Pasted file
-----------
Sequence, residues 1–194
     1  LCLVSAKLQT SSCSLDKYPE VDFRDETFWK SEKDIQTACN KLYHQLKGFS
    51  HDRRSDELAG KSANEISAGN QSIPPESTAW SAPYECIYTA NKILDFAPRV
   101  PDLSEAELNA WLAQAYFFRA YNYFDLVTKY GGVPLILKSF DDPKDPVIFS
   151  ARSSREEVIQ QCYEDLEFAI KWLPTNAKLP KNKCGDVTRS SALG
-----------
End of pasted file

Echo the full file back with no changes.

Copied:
Sequence, residues 1–194
     1  LCLVSAKLQT SSCSLDKYPE VDFRDETFWK SEKDIQTACN KLYHQLKGFS
    51  HDRRSDELAG KSANEISAGN QSIPPESTAW SAPYECIYTA NKILDFAPRV
   101  PDLSEAELNA WLAQAYFFRA YNYFDLVTKY GGVPLILKSF DDPKDPVIFS
   151  ARSSREEVIQ QCYEDLEFAI KWLPTNAKLP KNKCGDVTRS SALG